34. 34. NVIDIA Corporation Advanced OpenGL Development Once the 3D geometry is projected flat into a plane, lots of polygons are likely to overlap. A cut-out requires reducing this 2D pile of polygons to its silhouette boundary. The OpenGL Utility (GLU) library’s polygon tessellator is well suited to determine the silhouette boundary for the 2D-projected object. If you use the GLU tessellator, you probably want to choose the GLU_TESS_WINDING_NONZERO winding rule option to gluTessProperty. You may also find the GLU_TESS_BOUNDARY_ONLY option useful if you do not need the polygon boundary tessellation itself. Most often though, you will want both the silhouette boundary and the polygonal tessellation of the silhouette to cap off the top of the cut-out shadow volume (in the case of an approximating cut-out, you cannot rely on the cut-out geometry to cap exactly the shadow volume). In this case, you can use the GLU_TESS_EDGE_FLAG callback to determine whether edges are exterior, and therefore on the boundary, or interior. The hello2rts and shadowfun OpenGL stencil shadowing examples14 use the approach of approximating the shadow volume from the 2D silhouette cut-out of objects. These programs use OpenGL’s feedback mode to transform and capture the vertices of the object for constructing a silhouette and eventually a shadow volume. Figure 11 shows a scene from shadowfun. Figure 12 shows two scenes from hello2rts. Note that the hello2rts scene has multiple objects casting shadows from multiple light sources. This is accomplished by adding the contribution of each light excluding shadowed regions into the scene. Each light- object shadow interaction is modeled separately so two objects and two lights require four shadow volumes. One temptation that should be avoided when creating silhouettes and shadow volumes is using a coarser polygonal representation for the object when constructing the shadow volume. Because shadows, particularly shadows from local light sources, tend to be larger than the object itself, the coarseness of the tessellation is magnified in the shadow. Indeed, a common problem with shadows cast by a curved object such as a sphere is that its enlarged shadow gives away the object’s true polygonal basis. Tessellating the silhouette boundary of an object projected into 2D is not a cheap operation. There are ways to minimize the cost of tessellating a silhouette. If the object’s geometry is closed and all the edge and face information is available, you can minimize the set of edges considered by the tessellator. For a closed polygonal representation, only edges that share a face facing the light and a face facing away from the light will be candidates for silhouette edges. 6.2.3. Generic shadow volume construction and usage issues There are a number of common problems associated with building shadow volumes with which you should be aware. These can cause problems for shadow volume techniques. Models that appear closed may not in fact be closed due to poor modeling. Sometimes polygons in models are non-planar. It can be difficult to determine whether the eye is in the shadow or not. In cases where an object is very nearly planar with a shadow volume plane, the object may pop in and out of the shadow during animation. Shadow volumes may not interact well with techniques that use OpenGL’s polygon offset functionality to offset depth values. Refer to Bergeron11 for suggestions about resolving these difficulties. 34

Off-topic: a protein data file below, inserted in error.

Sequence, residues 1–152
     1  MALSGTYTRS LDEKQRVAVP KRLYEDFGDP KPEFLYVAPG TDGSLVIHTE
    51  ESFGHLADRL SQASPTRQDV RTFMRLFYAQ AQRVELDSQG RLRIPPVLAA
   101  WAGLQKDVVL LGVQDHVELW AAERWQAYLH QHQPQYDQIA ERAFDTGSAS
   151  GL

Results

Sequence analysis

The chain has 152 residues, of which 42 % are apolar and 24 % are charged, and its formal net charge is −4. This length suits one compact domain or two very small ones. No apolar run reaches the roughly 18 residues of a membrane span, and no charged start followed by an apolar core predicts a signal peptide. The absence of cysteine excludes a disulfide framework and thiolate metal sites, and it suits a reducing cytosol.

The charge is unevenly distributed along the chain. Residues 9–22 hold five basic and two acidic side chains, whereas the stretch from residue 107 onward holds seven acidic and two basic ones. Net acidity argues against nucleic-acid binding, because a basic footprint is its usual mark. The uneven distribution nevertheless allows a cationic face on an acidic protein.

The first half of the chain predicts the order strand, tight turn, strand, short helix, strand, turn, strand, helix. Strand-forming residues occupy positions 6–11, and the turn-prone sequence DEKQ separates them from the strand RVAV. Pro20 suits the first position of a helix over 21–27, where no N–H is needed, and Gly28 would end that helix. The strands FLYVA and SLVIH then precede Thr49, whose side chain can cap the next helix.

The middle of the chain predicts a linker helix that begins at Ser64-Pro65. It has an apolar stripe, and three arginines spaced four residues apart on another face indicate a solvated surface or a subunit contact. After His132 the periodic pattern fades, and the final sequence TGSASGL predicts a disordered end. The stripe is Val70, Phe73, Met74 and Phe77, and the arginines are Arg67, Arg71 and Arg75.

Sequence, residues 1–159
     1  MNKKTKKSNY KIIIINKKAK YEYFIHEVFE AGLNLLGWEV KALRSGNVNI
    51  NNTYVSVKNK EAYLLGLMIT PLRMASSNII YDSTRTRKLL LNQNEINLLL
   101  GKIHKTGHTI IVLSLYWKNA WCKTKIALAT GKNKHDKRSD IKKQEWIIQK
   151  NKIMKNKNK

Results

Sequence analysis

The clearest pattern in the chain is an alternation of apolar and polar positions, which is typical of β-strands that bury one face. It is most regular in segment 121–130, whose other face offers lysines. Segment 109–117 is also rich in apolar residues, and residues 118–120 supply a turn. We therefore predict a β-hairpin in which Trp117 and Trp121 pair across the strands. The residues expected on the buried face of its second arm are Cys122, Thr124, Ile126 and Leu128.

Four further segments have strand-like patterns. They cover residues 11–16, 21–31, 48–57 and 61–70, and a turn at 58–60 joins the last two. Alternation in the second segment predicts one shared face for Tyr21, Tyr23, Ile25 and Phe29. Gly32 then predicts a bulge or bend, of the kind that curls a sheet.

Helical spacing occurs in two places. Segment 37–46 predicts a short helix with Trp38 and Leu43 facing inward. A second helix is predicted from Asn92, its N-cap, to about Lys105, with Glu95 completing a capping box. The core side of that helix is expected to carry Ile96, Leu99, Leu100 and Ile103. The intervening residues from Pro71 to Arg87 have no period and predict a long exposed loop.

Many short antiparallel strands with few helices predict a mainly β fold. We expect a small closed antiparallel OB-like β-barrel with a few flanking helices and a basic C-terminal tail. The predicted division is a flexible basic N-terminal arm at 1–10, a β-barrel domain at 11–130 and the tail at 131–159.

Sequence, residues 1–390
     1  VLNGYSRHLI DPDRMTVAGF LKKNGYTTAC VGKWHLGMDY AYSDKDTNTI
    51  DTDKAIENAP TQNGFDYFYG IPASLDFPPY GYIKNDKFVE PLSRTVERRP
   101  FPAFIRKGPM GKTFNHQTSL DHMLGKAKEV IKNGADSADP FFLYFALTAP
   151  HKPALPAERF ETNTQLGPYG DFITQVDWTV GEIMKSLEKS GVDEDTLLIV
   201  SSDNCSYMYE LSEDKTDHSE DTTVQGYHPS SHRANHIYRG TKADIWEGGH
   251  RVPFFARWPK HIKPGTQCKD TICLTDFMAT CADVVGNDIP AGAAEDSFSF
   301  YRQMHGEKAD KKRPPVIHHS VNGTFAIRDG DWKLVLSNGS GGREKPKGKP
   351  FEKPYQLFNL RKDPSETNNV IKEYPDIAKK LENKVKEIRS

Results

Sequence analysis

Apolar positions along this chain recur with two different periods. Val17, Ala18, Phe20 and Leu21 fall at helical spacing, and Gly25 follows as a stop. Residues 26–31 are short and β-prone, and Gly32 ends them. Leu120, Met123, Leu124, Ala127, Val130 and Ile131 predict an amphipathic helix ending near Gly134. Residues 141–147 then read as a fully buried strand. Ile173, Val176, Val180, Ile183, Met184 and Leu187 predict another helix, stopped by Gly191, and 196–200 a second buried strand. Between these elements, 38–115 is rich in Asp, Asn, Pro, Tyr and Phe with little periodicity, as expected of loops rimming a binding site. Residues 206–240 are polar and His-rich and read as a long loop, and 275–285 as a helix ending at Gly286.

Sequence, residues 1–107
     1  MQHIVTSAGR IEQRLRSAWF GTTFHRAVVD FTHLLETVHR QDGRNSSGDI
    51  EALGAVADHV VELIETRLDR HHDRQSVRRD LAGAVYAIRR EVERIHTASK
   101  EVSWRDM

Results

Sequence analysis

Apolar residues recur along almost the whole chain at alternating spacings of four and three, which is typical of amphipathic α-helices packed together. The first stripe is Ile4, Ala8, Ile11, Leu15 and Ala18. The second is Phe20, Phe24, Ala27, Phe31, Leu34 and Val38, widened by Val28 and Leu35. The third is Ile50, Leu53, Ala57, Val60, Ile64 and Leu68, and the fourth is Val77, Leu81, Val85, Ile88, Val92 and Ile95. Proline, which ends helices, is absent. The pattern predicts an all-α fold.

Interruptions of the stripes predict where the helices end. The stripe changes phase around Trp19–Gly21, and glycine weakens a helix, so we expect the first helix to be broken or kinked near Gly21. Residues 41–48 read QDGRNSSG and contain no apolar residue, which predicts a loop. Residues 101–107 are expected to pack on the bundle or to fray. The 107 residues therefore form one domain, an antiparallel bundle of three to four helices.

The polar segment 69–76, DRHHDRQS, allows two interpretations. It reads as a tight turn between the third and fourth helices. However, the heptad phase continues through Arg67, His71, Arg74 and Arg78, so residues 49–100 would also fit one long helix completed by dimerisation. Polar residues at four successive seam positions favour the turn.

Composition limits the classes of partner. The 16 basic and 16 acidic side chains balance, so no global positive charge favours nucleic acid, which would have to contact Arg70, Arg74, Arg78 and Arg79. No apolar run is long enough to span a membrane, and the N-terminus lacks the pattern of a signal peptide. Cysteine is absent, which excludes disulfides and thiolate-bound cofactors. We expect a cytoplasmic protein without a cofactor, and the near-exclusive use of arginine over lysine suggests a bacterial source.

35. 35. NVIDIA Corporation Advanced OpenGL Development A significant performance issue with shadow volumes is the need to re-render the scene multiple times. One way to minimize the overhead due to multiple renderings is to bound the shadow region to a conservative shadow frustum. An application that can efficiently cull its scenery to what is visible from the view frustum can use this same culling approach to also cull against the conservative shadow frustum. Additionally, rendering the shadow volume boundary polygons can be a significant consumer of rasterization and pixel fill rate resources. The more intricate the shadow volume, the more time must be spent rendering its polygons. And keep in mind that a small object can cast a very large shadow. The near clipping plane can cause problems when rendering the shadow volume boundary polygons. You will need to figure in the near clip plane’s clipping effect into the shadow volume if shadow volume polygons fall in the pyramidal region between the eye point and the view frustum’s near clip plane. So far, the discussion has quietly ignored the issue of shadows cast by semi-transparent objects. Unfortunately, shadows due to semi-transparent object are a more complex topic than they might seem at first consideration. Consider that a glass of white wine in bright sunlight. The shadow from the glass of wine can actually contain bright spots known as caustics because of how the light has refracted and focused itself within the shadow. These types of lighting effects can be modeled with ray tracing techniques, but such effects are difficult to render with today’s available interactive graphics hardware. 6.3. Counting Enters and Leaves with Stencil Testing There is an alternative to using the invert stencil operation to track both enters and exits of a shadow volume with a single operation. The alternative is to use the increment stencil operation to track shadow volume enters and the decrement stencil operation to track exits. Assuming the viewer is outside the shadow volume, if the stencil count is greater or equal to one, a pixel is within the shadow, but if the count is zero, a pixel is outside the shadow. This “counting” approach has the advantage that the shadow volume does not have to be reduced to its polygonal boundary representation as required by the inverting approach. The inverting approach requires the elimination of any “internal” boundaries that might result from unioning two or more shadow volume boundary representations. However with the counting approach, the union of multiple intersecting shadow volumes can be handled even though the constituent shadow volumes overlap each other. Overlapping shadow volumes create the possibility of “entering” the combined (unioned) shadow volume twice without leaving, but counting properly tracks multiple enters and exits. Inverting a single bit is not as powerful as counting. Figure 13 shows in 2D how counting can be used for multiple shadow volumes. With the counting technique, the hard problem of determining the unioned polygonal boundary representation for a complex shadow volume can be skipped. In the counting approach, you can represent the shadow volume for the entire scene as simply the union of the shadow 35